Investigators believe that many patients with Dupuytren’s may benefit from the first-in-its-class treatment option. Early intervention may prove to be the most effective approach.
“Multicenter study results published in The New England Journal of Medicine show that 89 percent of MP joints with contracture less than 50 degrees were fully corrected, and 81 percent of PIP joints less than 40 degrees were fully corrected by the experimental treatment,” explains Dr. Kaplan, who is also clinical assistant professor of orthopaedic surgery at Indiana University School of Medicine.
A final FDA decision on Xiaflex is expected within three months. Once approved, experts predict the drug could hit the market next spring.
“Hopefully, this research will represent a whole new treatment paradigm for Dupuytren’s that will be more tolerable and provide patients a better experience than we have been able to offer them with surgery,” adds Dr. Kaplan. “It is really exciting.”
Nelson, now 65, enthusiastically agrees.
“I can play the piano again,” he says. “A quality of life has been returned to me that I had never expected to experience again. I am thrilled with the outcome and my wife is happy too—I can do more chores!”
Running with summer was a race
Till, far from the familiar town,
He comes upon an altered place
Of green now turning, bronze to brown;
And suddenly strange, irresolute,
Stands in an orchard where the haze
Of autumn enters, and the fruit
Falls final as these summer days:
And over his tanned shoulder looks,
Dreading too soon the senseless chime
Of the harsh bell, and the hard books
Recalling him from his true time.
Published September 12,1953, The Saturday Evening Post.
Pumpkins are in season September through November. Instead of canned pumpkin, try using fresh pumpkin puree in your favorite pumpkin recipes. For the best results, slice and seed a fresh pumpkin (sugar pumpkin varieties are recommended) and roast in a 325 F oven for 30 to 40 minutes, until tender. When cool, remove skin and mash or puree the flesh.
(Makes about 10 pancakes)
- 3/4 cup whole-wheat flour
- 1/2 cup all-purpose flour
- 2 tablespoons sugar
- 2 teaspoons baking powder
- 1-1/2 teaspoons cinnamon
- 1/2 teaspoon ground ginger
- 1/2 teaspoon salt
- 1/2 teaspoon grated nutmeg
- 1 cup milk
- 1/3 cup pumpkin puree
- 3 tablespoons melted butter
- 1 large egg
Whisk dry ingredients together in medium bowl. In another medium bowl, combine wet ingredients and mix well. Whisk the wet ingredients into dry mix until just combined. Do not overmix. Let sit for 2-3 minutes. Using ladle or 1/3 measuring cup, pour batter onto hot griddle or pan. Cook for 2-3 minutes, or until bubbles form. Flip and cook other side for 1-2 minutes.
Oh, now I need no longer fear
Ingratitude, the jealous smile;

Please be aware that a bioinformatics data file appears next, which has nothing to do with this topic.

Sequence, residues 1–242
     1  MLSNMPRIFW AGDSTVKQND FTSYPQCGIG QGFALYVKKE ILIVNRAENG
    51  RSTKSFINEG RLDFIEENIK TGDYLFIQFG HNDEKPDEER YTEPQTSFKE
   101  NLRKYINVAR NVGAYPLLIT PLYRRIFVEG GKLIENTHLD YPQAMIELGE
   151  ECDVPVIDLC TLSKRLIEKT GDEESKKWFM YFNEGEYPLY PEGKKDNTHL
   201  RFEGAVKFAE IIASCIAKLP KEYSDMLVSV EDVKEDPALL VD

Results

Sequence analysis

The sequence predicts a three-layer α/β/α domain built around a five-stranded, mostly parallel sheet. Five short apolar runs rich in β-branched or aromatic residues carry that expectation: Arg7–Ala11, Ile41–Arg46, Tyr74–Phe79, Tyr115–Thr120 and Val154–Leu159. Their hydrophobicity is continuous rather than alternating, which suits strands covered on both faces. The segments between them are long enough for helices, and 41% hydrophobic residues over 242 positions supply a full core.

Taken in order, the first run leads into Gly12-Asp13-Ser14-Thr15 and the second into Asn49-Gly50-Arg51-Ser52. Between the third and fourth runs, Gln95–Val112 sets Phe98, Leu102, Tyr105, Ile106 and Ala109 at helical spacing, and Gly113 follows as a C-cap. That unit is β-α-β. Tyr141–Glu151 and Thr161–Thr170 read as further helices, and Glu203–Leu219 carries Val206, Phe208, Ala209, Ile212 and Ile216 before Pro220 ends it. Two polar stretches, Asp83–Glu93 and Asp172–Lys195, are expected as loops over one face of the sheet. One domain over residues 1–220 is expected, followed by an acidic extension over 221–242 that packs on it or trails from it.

For I have known the face of lies
This bitter while.
Familiarity has brought
An end to everything I fear.
I am more moved by honesty
Than by a sneer.
So having skirted sand and swamp
And having tasted briny sea,
I walk the firmer pathways of
And past the little hills of hate,
Beyond the little fence of fright,
I see so infinite a view
They kept from sight.
Published in The Saturday Evening Post, September 12, 1953.
Think you know all the Norman Rockwell covers for The Saturday Evening Post? Since there were well over 300, probably not. Many of them you’ve seen time and time again, but we’ve dug up some you may have never seen—or if you have, you may have forgotten.
Rockwell’s first cover, which you may not recall seeing unless you’re over 100 years old (and if you are, bless you for finding this on the computer), was the May 20, 1916, The Babysitter. A rather unhappy lad is pushing a baby carriage, while his buddies are off to play baseball. If they would just go play baseball, maybe it wouldn’t have been so bad, but their “see ya, sucker” attitude is a bit much.
Knowledge Is Power! Another cover we don’t see that much shows us a teacher with a visitor to the classroom. From the look in the schoolmarm’s eyes, we can deduce that it is a very interesting visitor. Little Johnny has to stay late and write “Knowledge Is Power” on the blackboard a zillion times. The student seems to have a different view of that wise saying than the teacher intended.
We had nearly forgotten this one: From 1919 we see a man locking up the office, leaving a note on the door that says, “Gone on Important Business,” the imperative business being that it’s too nice a day to work. The motivational sign over his desk declaring “Do It Now” no doubt refers to playing golf.
Oh sure, you think, come up with covers from 80 or 90 years ago, but what about the ’50s and ’60s—I’ll remember those, smarty. OK, here’s one from 1962: Rockwell visited the John Woodman Higgins Armory Museum in Worcester, Massachusetts (yep, that’s a mouthful), and you’ll need to click on it to see how extremely detailed this painting is. As sometimes happened, the Rockwell imagination went a little off-kilter. The guard taking a lunch break is strictly a Rockwell creation (that wasn’t in the museum), and you have to look very closely to see what else—this is the off-kilter part—the horse underneath that sumptuous armor is watching! OK, we’re not sure if this intrigues us or creeps us out.